Dear Alice,

I'm a guy who can't seem to find the right person. I'm not unattractive or a louse, but for the longest time I've had trouble starting a relationship with anyone. The problem is that when I meet a woman, I can't seem to progress past the friendship stage. Many of these women become my good friends, but they just don't seem interested in starting a physical relationship. My bad luck has left me feeling unattractive and unconfident. I get frustrated when I hear about my friends falling in and out of relationships. Any ideas on how I can improve my relationship status? I know it's vague, but it's been troubling me for a long time.

Thanks,
Down on his luck

Dear Down on his luck,

As luck would have it (or not), romantic relationships often have little to do with luck. Finding a partner and maintaining relationships take time and hard work. While it may be tempting to give up rather than spend time fostering a connection with a potential partner, it may be helpful to take it slow (but not too slow) so you can enjoy the initial excitement and momentum a bit longer. Or, you may decide that it’s time to take a break from the dating world to reflect on why your confidence is lacking and work towards building it back up.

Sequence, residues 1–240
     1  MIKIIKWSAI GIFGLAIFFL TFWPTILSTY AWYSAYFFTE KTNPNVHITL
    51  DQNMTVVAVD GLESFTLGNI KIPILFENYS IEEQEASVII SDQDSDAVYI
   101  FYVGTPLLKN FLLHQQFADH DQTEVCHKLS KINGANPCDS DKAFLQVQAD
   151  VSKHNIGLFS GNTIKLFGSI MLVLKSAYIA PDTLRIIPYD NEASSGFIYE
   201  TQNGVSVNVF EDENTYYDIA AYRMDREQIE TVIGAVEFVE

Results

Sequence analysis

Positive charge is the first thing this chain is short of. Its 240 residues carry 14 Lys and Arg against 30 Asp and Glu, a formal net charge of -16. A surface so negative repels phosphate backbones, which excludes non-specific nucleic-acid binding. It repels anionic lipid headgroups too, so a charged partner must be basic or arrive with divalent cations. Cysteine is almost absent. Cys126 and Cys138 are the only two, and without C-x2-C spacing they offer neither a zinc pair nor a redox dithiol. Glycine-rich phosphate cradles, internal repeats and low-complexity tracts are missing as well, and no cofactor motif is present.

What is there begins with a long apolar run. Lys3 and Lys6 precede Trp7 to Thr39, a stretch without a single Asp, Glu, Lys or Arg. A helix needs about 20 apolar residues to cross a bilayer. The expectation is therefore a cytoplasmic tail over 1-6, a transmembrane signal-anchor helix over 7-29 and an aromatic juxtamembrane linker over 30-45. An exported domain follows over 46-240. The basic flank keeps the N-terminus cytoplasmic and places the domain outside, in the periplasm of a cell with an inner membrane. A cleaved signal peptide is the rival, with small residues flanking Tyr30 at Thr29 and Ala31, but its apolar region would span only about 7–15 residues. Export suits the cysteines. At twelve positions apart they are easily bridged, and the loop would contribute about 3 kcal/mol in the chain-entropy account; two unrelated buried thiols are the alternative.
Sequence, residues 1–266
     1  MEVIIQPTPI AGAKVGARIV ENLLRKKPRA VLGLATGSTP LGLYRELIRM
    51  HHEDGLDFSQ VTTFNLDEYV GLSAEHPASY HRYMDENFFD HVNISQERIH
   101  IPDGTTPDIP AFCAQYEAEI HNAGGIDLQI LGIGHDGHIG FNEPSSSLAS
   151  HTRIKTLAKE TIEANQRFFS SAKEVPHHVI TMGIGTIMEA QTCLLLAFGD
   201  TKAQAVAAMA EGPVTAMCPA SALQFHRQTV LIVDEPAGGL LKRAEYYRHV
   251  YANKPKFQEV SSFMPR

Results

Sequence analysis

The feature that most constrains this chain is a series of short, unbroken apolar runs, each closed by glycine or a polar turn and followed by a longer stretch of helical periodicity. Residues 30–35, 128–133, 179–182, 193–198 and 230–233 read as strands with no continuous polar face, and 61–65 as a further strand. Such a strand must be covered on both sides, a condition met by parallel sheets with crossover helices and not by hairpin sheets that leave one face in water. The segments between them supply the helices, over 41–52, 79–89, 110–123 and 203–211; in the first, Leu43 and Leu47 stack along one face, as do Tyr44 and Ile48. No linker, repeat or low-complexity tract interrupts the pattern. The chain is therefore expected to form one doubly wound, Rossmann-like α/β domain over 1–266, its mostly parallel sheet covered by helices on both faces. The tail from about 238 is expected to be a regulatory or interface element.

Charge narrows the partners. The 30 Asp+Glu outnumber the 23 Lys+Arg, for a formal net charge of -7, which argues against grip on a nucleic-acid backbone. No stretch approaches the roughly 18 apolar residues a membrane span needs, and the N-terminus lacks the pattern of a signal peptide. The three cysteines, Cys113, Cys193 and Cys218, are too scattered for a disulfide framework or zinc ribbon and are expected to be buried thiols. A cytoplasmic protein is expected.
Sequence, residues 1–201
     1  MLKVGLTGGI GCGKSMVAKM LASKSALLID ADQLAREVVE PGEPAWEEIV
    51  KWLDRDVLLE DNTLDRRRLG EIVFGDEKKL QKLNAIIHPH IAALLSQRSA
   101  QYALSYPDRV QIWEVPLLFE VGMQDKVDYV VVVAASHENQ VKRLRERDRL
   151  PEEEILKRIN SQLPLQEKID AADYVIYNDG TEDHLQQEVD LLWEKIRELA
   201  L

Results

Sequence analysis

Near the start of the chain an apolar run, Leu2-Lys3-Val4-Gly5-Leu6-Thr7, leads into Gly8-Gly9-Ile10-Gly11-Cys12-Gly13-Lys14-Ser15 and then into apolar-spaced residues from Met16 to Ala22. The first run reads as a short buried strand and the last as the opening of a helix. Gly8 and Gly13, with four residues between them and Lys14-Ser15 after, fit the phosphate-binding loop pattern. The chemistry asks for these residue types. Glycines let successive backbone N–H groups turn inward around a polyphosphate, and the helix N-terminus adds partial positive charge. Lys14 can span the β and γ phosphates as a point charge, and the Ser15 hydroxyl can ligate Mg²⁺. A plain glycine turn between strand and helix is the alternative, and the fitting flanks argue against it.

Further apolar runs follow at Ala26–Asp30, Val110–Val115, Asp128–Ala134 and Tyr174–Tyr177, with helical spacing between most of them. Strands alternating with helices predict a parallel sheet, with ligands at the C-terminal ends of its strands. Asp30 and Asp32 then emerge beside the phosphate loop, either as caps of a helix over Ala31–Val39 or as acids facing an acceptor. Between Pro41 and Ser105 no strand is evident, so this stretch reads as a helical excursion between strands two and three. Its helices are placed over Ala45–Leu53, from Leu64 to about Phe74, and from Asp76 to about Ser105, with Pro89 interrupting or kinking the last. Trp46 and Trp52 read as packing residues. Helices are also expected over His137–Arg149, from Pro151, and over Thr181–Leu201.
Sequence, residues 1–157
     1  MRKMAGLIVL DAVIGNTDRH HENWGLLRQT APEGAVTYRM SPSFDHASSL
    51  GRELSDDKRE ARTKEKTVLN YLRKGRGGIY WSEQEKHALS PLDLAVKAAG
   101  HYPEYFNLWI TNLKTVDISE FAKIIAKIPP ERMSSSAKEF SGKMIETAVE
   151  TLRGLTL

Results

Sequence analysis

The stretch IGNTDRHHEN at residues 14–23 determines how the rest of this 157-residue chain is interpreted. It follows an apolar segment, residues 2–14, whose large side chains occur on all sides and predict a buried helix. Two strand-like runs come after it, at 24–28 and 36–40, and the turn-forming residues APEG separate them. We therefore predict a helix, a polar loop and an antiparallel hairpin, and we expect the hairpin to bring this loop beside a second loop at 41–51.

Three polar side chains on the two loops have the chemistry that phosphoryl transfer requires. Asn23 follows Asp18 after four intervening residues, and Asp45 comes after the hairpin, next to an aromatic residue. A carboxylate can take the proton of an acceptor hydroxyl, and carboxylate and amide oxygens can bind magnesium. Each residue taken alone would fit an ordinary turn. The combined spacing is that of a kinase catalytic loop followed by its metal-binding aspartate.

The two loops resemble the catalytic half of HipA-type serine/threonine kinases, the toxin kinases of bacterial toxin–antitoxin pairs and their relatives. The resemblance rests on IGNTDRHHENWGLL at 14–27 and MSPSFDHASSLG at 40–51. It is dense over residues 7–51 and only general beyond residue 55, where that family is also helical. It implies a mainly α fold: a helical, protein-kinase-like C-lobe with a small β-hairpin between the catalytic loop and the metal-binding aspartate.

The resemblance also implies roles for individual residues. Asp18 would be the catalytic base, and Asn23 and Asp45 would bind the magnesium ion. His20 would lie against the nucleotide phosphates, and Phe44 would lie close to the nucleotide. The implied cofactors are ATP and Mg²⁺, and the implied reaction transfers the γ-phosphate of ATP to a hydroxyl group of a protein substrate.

Relationships are complex and dynamic, which means they can also be frustrating. It seems like you’re already experiencing frustration because of the strong feelings you're having about not being in a physical relationship. If you feel romantic about someone, you may try flirting or being a bit more direct and clearly communicating that you’re interested in pursuing the relationship past friendship — that way the other person knows of your interest. Check out Does she like me? or Finding a partner in the Go Ask Alice! archives for additional tips on how you might approach this conversation.

You mentioned that your bad luck with relationships has left you with a lack of confidence. Gender aside, individuals are often attracted to confident people with high self-esteem. Your lack of confidence may be detectable to potential partners and give off the vibe that you aren't ready to fully enjoy a new relationship with someone because you aren't yet content with yourself. Investing the time to really know yourself, build your confidence, and actually like yourself can better prepare you to approach a new partner with more to offer, not more to desire.

Admittedly, this is all easier said than done; this process will take some work and patience on your part. To help you get started, you might consider taking a workshop about building self-esteem or even one on navigating relationships. In any case, give yourself some time and focus on yourself. If you’re a student, it might be helpful to talk with a health promotion professional about it. You could also check out the mental health services your school offers to see if you can start short-term therapy sessions to further explore your feelings and where you’re at with relationships.

Here's to a sense of renewed confidence and hope for the future!

Alice!

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